In the last column, I referred to Michigan State University as an anchor in our community. It is the kind of institution that isn’t likely to pick up and move away because profits don’t meet the owners’ expectations. Other anchor institutions like hospitals, government and schools are more deeply connected to place.


From the farm to Congress

Ingham County Treasurer Eric Schertzing says upbringing will resonate with rural 8th Congressional District voters

by Andy Balaskovitz

A humble, hard-working farmer from Bunker Hill Township. Responsible with money, progressive on social issues. That’s the portrait Eric Schertzing paints of himself — and it is one that he believes will make him the next congressman from Michigan’s 8th District.

Arts and Culture

Inner space

Broad maximizes unusual dimensions with unconventional art

by Jonathan Griffith

Not every art installation benefits from being displayed in one of the Broad Art Museum’s improbably shaped galleries, with all their obtuse angles and razor sharp architectural edges. Two-dimensional pieces hung in rectangular frames look oddly … square … at the Broad, a building that proudly boasts a lack of right angles.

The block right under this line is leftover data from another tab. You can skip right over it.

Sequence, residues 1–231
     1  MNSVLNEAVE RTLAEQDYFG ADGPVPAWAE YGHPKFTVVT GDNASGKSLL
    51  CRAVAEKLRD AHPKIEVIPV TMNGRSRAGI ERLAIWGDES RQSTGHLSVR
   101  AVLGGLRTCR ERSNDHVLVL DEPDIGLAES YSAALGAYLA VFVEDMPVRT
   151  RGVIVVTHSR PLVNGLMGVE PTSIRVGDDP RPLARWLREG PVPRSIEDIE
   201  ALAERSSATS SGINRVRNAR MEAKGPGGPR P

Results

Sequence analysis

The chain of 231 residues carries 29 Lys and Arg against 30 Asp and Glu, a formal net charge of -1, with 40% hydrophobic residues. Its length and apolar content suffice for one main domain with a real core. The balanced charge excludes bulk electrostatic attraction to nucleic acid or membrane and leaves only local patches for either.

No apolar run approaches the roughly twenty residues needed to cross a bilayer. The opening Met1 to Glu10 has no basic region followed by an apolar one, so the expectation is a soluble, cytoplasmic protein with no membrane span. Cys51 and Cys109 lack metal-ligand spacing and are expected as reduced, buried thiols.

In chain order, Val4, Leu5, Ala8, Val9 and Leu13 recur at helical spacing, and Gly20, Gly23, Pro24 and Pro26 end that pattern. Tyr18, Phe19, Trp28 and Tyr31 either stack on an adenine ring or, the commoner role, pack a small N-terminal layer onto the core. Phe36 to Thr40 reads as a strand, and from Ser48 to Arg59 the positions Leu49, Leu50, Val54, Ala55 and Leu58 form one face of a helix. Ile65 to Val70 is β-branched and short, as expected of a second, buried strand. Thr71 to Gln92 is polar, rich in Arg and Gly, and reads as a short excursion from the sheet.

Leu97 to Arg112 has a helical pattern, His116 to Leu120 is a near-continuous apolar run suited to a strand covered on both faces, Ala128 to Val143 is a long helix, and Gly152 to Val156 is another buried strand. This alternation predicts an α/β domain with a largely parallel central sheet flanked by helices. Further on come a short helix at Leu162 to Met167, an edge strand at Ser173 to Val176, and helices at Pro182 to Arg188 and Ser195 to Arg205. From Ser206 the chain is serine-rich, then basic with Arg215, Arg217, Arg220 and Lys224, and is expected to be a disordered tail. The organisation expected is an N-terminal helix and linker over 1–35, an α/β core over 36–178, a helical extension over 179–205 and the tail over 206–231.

Arts and Culture

Herrmann’s history

Celebrated Lansing home is the setting for Historical Society fundraiser

by Bill Castanier

The historic house at 520 N. Capitol Ave. in Lansing is part of the bustling Lansing Community College campus, and home of the college’s president Brent Knight, and his wife, Rise. But in 1893, the year it was built by German immigrant/entrepre neur John T. Herrmann, the house’s environs were considerably more rural: A German friend, already in Lansing, had lured Herrmann to the area in a letter, by writing: “Come to Lansing — you could shoot a deer from the back porch.”

Arts and Culture

Free love

Lansing Symphony launches outdoor concert series with trip to the ‘60s


This spring, the Lansing Symphony reached out to local orchestra fans to choose a theme for its second free Summer Pops Concert and the people answered: Take us back the ‘60s, man.

Arts and Culture